Therefore, the Middletown ordinance passed pursuant to the city charter prevails over a general state law specifically declared to be inapplicable to the municipal civil service system. Accordingly, Taylor was still a probationary employee on the date of his demotion, since the "true" appointment date of August 20, 1986 causes his reduction on February 19, 1987 to be within the six-month probationary period.

Taylor also contends that he was "removed" rather than "reduced" or "demoted," and therefore that procedural safeguards consistent with due process apply.

R.C. 124.27 states, in part:

"All original and promotional appointments * * * shall be for a probationary period, * * * and no appointment or promotion is final until the appointee has satisfactorily served his probationary period. * * *" See, also, MCSC Rule VII4(a).

Further, in connection with the probationary period, this code section provides:

"* * * If the service of the probationary employee is unsatisfactory, he may be removed or reduced at any time during his probationary period after completion of sixty days or one-half of his probationary period, whichever is greater. * * *" (Emphasis added.) See, also, MCSC Rule VII4(c).

In the instant case, Taylor was a "probationary employee" in the last half of his probation. The action taken by Middletown did not discharge or remove Taylor from service, but, instead, reduced his maintenance mechanic level from II to I. In effect, a demotion occurred during the probationary period for an MM-II.

The determination of what constitutes "satsifactory probationary service" is solely within the discretion of the appointing authority, a civil service commission and the courts being without appellate jurisdiction over the finding. Vonderau v. Parma Civil Service Comm. (1983), 15 Ohio App.3d 44, 15 OBR 71, 472 N.E.2d 359; State, ex rel. Clements, v. Bobb (1948), 150 Ohio St. 359, 38 O.O. 217, 82 N.E.2d 737.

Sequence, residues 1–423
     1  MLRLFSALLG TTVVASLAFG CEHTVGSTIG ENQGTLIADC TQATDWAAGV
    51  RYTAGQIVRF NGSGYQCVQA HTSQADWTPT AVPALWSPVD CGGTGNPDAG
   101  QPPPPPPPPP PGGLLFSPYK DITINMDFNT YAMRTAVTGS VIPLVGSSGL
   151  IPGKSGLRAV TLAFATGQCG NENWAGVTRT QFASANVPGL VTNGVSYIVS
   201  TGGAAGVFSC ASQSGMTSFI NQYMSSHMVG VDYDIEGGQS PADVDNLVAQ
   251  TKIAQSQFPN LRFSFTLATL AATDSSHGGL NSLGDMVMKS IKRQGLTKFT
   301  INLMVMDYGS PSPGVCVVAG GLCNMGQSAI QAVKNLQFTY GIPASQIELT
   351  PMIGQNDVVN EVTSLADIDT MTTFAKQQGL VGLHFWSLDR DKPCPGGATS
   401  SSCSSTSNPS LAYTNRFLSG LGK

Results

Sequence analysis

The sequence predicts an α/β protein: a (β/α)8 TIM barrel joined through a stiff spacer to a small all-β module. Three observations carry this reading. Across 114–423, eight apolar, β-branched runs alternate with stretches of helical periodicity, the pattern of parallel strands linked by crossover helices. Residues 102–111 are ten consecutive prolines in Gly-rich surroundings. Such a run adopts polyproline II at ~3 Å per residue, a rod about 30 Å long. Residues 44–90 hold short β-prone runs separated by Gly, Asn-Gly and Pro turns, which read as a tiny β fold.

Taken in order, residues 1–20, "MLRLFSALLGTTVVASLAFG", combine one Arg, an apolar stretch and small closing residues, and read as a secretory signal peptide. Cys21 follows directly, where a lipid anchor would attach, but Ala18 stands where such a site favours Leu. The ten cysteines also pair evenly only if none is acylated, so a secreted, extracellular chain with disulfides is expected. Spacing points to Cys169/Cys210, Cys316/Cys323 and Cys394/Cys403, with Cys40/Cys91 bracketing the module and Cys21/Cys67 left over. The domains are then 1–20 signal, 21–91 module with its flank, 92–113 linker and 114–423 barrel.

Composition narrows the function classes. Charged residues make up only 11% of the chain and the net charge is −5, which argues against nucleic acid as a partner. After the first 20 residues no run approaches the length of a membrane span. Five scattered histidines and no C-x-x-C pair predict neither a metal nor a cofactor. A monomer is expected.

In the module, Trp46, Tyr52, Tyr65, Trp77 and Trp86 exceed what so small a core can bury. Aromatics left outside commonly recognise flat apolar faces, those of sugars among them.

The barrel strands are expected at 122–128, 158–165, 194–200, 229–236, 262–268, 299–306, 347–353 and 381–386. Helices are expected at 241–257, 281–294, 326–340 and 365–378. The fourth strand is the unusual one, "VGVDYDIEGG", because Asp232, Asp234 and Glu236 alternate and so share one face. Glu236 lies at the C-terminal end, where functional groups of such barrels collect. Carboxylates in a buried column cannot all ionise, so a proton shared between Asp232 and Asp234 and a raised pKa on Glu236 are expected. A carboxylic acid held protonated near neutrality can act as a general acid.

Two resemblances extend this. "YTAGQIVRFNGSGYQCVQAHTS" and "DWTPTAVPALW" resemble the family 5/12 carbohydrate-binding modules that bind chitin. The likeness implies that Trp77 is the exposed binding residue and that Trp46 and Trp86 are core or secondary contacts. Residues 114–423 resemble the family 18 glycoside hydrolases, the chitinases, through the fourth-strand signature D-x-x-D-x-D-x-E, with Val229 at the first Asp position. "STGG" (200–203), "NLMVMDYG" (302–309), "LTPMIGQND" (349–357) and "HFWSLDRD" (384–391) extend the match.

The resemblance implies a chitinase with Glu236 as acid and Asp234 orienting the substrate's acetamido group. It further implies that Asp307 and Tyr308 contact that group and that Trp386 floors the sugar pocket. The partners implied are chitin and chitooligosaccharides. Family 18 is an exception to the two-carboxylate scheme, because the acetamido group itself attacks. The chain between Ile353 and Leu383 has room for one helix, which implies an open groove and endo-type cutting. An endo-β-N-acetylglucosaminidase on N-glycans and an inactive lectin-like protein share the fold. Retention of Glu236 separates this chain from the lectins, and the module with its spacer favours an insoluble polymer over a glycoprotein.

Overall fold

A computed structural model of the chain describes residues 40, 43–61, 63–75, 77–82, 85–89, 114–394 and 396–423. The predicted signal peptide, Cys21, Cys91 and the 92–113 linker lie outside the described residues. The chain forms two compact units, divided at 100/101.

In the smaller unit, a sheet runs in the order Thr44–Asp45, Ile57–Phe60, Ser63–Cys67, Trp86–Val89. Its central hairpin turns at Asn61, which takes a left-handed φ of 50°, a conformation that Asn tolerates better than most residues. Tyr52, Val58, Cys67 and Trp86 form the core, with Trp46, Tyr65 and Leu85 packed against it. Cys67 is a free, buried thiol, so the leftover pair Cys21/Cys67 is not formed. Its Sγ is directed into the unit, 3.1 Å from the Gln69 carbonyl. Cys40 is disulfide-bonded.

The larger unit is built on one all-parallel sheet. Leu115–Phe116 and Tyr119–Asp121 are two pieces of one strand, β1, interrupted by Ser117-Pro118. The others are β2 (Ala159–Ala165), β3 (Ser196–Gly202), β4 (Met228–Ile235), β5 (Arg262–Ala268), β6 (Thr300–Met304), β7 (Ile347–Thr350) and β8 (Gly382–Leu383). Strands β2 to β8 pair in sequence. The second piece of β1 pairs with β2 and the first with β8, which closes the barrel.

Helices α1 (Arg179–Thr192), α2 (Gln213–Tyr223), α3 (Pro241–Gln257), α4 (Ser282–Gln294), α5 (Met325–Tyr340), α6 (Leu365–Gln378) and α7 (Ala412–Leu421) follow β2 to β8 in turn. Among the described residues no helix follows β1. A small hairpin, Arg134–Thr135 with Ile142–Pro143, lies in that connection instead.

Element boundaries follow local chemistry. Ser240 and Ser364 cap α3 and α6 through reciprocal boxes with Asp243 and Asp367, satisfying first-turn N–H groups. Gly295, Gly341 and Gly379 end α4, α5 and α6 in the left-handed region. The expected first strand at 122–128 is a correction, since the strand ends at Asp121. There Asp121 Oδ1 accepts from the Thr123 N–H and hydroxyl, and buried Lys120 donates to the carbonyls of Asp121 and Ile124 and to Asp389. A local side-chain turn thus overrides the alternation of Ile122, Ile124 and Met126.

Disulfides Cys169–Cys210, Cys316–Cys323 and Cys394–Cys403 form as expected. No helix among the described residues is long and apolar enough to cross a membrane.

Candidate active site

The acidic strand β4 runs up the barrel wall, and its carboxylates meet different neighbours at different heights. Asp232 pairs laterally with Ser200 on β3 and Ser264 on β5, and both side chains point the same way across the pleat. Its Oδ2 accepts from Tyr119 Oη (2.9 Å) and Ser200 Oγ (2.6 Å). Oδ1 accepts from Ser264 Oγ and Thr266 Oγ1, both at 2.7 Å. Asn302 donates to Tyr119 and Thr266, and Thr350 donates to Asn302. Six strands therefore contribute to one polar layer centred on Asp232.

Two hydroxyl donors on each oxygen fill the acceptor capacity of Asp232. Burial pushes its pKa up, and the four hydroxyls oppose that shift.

Continued employment of a probationary civil servant is at the discretion of the appointing authority after completion of sixty days or after the first half of the probationary period, whichever is greater. Hill v. Gatz (1979), 63 Ohio App.2d 170, 17 O.O. 3d 370, 410 N.E.2d 1268, paragraph one of the syllabus. Further, a decision of the appointing authority during such period to terminate a probationary civil servant is final and not subject to administrative or judicial review. Id.; Vonderau, supra.

The Ohio Supreme Court has ruled on this issue as follows:

"The first question presented is whether a probationary employee who has completed 60 days or one-half of her probationary period, whichever is greater, may be removed for unsatisfactory service without right of appeal to the State Personnel Board of Review. For the following reasons, we hold that no right of appeal is provided to such employee by statute or by Section 10, Article XV of the Ohio Constitution."

Walton v. Montgomery Cty. Welfare Dept. (1982), 69 Ohio St.2d 58, 59, 23 O.O. 3d 93, 94, 430 N.E.2d 930, 931-932.

Therefore, appellate review in the context of a probationary civil servant's reduction or removal is not provided by law, and, as a consequence, this court does not have jurisdiction to hear Taylor's appeal. In addition, construing both R.C. 124.27 and MCSC Rule VII4(c) to provide an appeal to a second-half probationary employee would result in absurd results sought to be avoided by the General Assembly. Walton, supra, at 62-63, 23 O.O. 3d at 96, 430 N.E.2d at 934. Hence, only those cases indicating an abuse of discretion are proper for appellate review, thereby requiring this court to resolve this appeal against Taylor.

In conjunction with the right of a probationary employee to appeal a reduction or removal, Taylor insists that a hearing before reduction or removal is required by law pursuant to Cleveland Bd. of Edn. v. Loudermill (1985), 470 U.S. 532. However, we find that Loudermill, supra, does not apply to a probationary employee, rejecting Taylor's contentions that he was denied due process of law.

In Loudermill, supra, the United States Supreme Court held that R.C. 124.34 creates a property interest in continued employment for classified civil servants. The court stated that a deprivation of such a constitutionally protected right may be accomplished only pursuant to constitutionally adequate procedures. Thus, an individual must be given an opportunity for a hearing before being deprived of any significant property interest. Id. at 542.